Ms. Fagbamila: I think the society has a very huge influence on the way black girls see themselves. If we are talking about the way the world views women and girls in general, limiting girls are judged more on their physical attributes, the way they look more than what is in their mind and what they have to offer intellectually. Culturally, that is starting to shift in the West a lot and in the world in general, where women are more being appreciated for what they have to offer via their minds and their menAgain, women and girls are more heavily policed via their physical appearance. Black girls specifically, are not afforded the same leniency that often times their white counterparts are, for the same behaviours that they might engage in. For instance, black girls are much more likely to be criminalized in the classroom setting, whether that being sent to an authority’s office, or even having the authorities called into the school on them for engaging the same behaviours for their white male or female counterparts. tal capacity […] . I think that socially, the resources need to be made available for black women to hear for black people to heal. So, even within black communities there can be greater dialogue around what healing looks like, so that future generations do not have to take on [ the kind of] intergenerational traumas and passed those down. […]in order to change the kind of negative self-imagery, we need to be very careful of what kind of media little black girls are consuming, so we can let them know that even though, that television screen might tell them that loose crawly hair is the best natural hair. That their kinky curly afro hair is just as good: it is beautiful, it is perfect, it is divine, it is ideal and that their beautiful black skin is perfect, beautiful, divine and ideal […].

Q: On which topic would you like to work on in the future and why?

Ms. Fagbamila: The topic that I like to work on in the future is the relationship between black people throughout, the Africans or the Black diaspora. So, one thing that I would like to explore in my future work, is the relationship, for instance, West-Africans or Nigerians and Black Americans. I plan to do that and discuss the way blackness is viewed or engaged globally.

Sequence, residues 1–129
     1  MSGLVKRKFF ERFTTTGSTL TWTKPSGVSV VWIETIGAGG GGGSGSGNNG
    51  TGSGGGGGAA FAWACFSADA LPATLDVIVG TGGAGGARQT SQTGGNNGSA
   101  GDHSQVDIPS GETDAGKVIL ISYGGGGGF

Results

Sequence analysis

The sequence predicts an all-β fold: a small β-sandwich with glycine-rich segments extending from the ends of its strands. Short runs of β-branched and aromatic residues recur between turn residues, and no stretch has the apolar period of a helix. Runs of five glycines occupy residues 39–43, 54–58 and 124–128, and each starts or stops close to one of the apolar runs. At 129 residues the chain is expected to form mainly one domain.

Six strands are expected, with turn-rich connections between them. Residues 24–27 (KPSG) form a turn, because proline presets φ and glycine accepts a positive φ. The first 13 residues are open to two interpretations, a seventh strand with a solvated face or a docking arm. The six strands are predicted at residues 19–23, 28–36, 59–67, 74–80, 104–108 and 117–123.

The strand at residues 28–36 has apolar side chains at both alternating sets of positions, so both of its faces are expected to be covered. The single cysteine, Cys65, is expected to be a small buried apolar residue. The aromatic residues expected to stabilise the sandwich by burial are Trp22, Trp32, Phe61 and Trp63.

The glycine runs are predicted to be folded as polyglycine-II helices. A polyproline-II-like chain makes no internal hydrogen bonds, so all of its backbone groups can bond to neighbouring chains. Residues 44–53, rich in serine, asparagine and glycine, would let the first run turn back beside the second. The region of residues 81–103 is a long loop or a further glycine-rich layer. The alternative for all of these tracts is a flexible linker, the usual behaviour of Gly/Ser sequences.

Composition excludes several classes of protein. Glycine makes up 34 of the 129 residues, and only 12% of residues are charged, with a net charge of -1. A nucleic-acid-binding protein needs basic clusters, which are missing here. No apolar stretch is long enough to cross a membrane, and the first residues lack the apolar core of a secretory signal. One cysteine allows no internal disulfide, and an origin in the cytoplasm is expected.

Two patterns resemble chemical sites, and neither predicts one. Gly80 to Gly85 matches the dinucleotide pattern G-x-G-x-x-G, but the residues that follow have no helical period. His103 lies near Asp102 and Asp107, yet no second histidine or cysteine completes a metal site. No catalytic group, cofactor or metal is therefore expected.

Q: If you had 3 wishes free? What would that be?

Ms. Fagbamila: I never really thought of that, but I think if I had 3 wishes free, I would wish: 1) a greater compassion in the world and logic, for people to employ logic and compassion together. Because I think it would eliminate so much of the pain and suffering in the world. I think that if the majority of the world’s population or if all of the world’s inhabitants were really employing logic and compassion in their behaviours, that there would be no poverty and hunger and a lot of the other things that cause harm. There would be less greed etc. 2) I guess my number one wish is my primary wish. But another wish I would have is, for people to be able to deal with difference with a greater grace and dignity. Meaning, they are no longer afraid of engaging things that are different from them or that they are unfamiliar to them. And one other wish would be reverse a great deal of the damage that has been done, historically. So, that people can be healthier and not have to deal with the damage of the trauma that has already been done […].

Dear Ms. Fagbamila,

thank you very much for all the detailed answers. I thank you for working on so many important issues, regarding Black people. You inspire many people out there, including me. Thank your for your precious time and your dedication to such interesting and important topics. I wish you all the best!